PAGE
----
The Schomburg Center for Research in Black Culture in Harlem, one of The New York Public Library’s renowned research libraries, is a world-leading cultural institution devoted to the research, preservation, and exhibition of materials focused on African American, African Diaspora, and African experiences.
Arthur Schomburg arrived in NYC as teenager and worked as a printer, bellhop, elevator operator, and porter. And it was during the Harlem Renaissance that he made time to follow his passion: reading, writing, and collecting everything he could on the history of Africans and their descendants.
Schomburg’s vast collection of books, photographs, artwork, sheet music, newspapers, pamphlets, and memoirs documenting the experiences of African Americans was donated during the 1920s to the 135th Street branch of The New York Public Library.
Schomberg’s labor of love vastly increased the size of the existing 135th Street Branch, and it became the “seed library” for the modern Schomburg Center—the foundation upon which the Center’s current holdings of over 300,000 volumes was built.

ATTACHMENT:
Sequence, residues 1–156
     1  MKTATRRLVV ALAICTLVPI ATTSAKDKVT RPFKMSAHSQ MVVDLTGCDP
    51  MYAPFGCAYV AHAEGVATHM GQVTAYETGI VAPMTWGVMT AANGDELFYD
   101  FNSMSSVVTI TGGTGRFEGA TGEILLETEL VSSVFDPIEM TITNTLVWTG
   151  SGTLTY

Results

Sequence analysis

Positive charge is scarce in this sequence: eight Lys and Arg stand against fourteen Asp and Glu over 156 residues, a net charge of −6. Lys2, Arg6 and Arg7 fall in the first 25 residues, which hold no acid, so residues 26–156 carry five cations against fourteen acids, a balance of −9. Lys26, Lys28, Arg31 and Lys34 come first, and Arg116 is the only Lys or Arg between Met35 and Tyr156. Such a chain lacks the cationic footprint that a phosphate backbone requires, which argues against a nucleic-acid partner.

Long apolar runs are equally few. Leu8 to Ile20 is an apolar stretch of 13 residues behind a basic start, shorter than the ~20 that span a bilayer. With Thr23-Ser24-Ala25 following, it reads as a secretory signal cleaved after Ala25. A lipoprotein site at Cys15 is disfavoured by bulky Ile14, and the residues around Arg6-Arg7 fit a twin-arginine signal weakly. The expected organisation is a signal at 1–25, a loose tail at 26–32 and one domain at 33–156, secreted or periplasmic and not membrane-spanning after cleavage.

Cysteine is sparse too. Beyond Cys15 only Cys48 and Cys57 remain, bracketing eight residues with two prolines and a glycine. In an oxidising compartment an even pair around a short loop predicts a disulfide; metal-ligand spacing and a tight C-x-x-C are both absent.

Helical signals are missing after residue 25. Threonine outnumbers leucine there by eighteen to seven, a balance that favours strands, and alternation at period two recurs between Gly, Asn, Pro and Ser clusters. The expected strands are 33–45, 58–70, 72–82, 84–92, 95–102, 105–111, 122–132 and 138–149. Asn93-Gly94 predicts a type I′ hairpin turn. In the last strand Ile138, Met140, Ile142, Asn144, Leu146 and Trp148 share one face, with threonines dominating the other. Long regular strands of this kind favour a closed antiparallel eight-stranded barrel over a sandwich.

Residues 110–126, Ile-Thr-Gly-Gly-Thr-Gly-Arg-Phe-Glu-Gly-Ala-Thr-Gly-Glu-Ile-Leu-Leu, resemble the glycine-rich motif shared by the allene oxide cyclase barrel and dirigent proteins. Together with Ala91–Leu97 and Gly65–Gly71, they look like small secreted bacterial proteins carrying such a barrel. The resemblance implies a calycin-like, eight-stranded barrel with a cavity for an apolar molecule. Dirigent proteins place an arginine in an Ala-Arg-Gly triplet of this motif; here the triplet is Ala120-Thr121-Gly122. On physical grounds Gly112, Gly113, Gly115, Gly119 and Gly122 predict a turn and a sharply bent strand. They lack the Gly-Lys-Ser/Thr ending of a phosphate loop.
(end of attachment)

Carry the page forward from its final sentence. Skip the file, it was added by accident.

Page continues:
Often termed one of the fathers of African-American Studies, Schomburg passionately and prohetically states his philosophy in his 1925 essay “The Negro Digs Up His Past” :
“The American Negro must remake his past in order to make his future….For him, a group tradition must supply compensation for persecution, and pride of race the antidote for prejudice. History must restore what slavery took away, for it is the social damage of slavery that the present generations must repair…. we find the Negro thinking more collectively, more retrospectively than the rest, and apt out of the very pressure of the present to become the most enthusiastic antiquarian of them all. “